Have you ever had trouble sticking to a diet? Do you crave junk food, sweets or snacks (especially in the evening and at night)? Are you overweight?
All of the above can be indicators that you have Leptin resistance.
Leptin is a master hormone in your body, and it control hunger and feelings of satiety. Leptin itelf is secreted by fat tissue (adipose tissue); Typically, but not always, the more overweight you are, the more Leptin you have.
From EBweightloss.com’s article on The Venus Factor, we can read:
“The amount of leptin released, is proportional to the amount of fat you have on your body. Basically: more fat equals more leptin. For practical purposes, we can think of it as a signaling hormone that tells your body “Hey, you’re overweight! Eat less!”, or “You’re too skinny, eat more”.”
Another blogger, Mark Sisson from Mark’s Daily Apple writes: “Leptin is the lookout hormone – the gatekeeper of fat metabolism, monitoring how much energy an organism takes in. It surveys and maintains the energy balance in the body, and it regulates hunger via three pathways:
• By counteracting the effects of neuropeptide Y, a potent feeding stimulant secreted by the hypothalamus and certain gut cells.
• By counteracting the effects of anandamide, another feeding stimulant.
• By promoting the production of a-MSH, an appetite suppressant.”
Leptin is directly connected to insulin levels, and today many people are Leptin resistant – which again ties to a number of health problems.
For instance, research has shown that high Leptin levels can lead to high blood pressure, obesity, heart disease, and stroke.
Research also suggests that Leptin can decrease fertility for women, make you age faster, and be a significant contributor to obesity.
By knowing how to regulate your Leptin levels, you can lose weight and keep it off. This is especially important for women, but also apply to men (but to a lesser degree).
This is one of those things that makes weight loss not just a simple matter of counting calories.
The concept of Leptin is slightly more advanced than what we outlined in the introduction. Yes, as a general rule overweight people have higher Leptin levels – which should signal your body to eat less food, thus normalizing the weight.
So in reality, obesity shouldn’t be a problem, as your body would balance it out by producing more Leptin, decreasing your appetite and decreasing your energy intake.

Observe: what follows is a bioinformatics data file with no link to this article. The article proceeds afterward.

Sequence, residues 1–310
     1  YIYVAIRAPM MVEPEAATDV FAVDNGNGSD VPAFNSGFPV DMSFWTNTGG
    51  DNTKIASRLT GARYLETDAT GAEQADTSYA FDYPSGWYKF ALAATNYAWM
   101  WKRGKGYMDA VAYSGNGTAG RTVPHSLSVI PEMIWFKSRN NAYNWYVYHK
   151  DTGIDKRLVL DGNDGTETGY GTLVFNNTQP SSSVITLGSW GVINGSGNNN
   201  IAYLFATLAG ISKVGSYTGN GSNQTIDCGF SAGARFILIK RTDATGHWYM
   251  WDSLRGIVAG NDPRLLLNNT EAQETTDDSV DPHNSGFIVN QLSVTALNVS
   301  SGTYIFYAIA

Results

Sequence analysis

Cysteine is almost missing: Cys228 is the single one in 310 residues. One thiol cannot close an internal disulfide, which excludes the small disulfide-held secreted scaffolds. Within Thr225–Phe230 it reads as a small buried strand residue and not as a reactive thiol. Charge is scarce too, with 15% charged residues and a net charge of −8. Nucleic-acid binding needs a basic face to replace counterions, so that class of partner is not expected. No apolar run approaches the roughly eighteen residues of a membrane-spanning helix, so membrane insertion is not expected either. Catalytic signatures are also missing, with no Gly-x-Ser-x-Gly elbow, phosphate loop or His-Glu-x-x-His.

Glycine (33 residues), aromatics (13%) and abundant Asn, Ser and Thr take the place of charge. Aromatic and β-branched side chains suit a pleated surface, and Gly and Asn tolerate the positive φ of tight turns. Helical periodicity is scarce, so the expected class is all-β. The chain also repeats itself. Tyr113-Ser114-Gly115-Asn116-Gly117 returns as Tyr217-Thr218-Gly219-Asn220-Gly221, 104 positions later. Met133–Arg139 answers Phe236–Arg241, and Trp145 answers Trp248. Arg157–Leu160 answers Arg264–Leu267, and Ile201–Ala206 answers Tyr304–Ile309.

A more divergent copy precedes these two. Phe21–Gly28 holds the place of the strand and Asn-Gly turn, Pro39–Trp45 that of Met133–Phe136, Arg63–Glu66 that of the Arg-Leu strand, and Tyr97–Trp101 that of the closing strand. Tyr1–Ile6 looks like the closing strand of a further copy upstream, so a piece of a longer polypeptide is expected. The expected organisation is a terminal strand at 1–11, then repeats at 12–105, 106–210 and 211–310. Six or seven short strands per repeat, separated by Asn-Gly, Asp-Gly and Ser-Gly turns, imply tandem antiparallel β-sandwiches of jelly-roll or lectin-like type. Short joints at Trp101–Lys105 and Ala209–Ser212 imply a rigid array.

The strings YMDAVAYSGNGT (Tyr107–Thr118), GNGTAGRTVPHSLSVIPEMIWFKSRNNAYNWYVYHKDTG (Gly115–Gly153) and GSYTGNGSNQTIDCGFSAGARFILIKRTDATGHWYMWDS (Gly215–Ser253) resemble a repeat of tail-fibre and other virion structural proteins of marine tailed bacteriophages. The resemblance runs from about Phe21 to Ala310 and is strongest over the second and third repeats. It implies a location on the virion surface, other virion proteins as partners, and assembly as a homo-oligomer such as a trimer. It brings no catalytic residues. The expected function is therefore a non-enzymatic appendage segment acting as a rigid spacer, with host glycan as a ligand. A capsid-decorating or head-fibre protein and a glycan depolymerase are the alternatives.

This article from Huffington post states:
“The problem is not in the production of leptin, but rather, studies show that the majority of overweight individuals who are having difficulty losing weight have a leptin resistance, where the leptin is unable to produce its normal effects to stimulate weight loss. This leptin resistance is sensed as starvation, so multiple mechanisms are activated to increase fat stores, rather than burn excess fat stores. Leptin resistance also stimulates the formation of reverse T3, which blocks the effects of thyroid hormone on metabolism (discussed below).”
It’s now clear how Leptin isues can lead to obesity!
Typical factors that can lead to Leptin resistance
Let’s round off with some tips on what you can do to prevent Leptin resistance. The most common factors leading to Leptin resistance are:
- Fructose consumption (like corn syrup). This is used in several processed products (you’d be amazed at how much of your food is actually corn!).
- High stress levels
- Simple carbs (white bread, pasta etc.). Anything with grains and lectin.
- Not enough sleep
- High insulin levels
It’s a complex issue to fix, but here are some tips:
- Eat no, or little, starches, fructose etc. Basically, eat less processed food, and more “real” food.
- Eat more protein and healthy fats
- Optimize your sleep. Try not to spend time in front of the computer until 1 hour before bedtime.
- Don’t snack. At first, plan all your meals, then you can ease off after a while.
- Try to get more natural sunlight.
All user-generated information on this site is the opinion of its author only and is not a substitute for medical advice or treatment for any medical conditions. Members and guests are responsible for their own posts and the potential consequences of those posts detailed in our Terms of Service.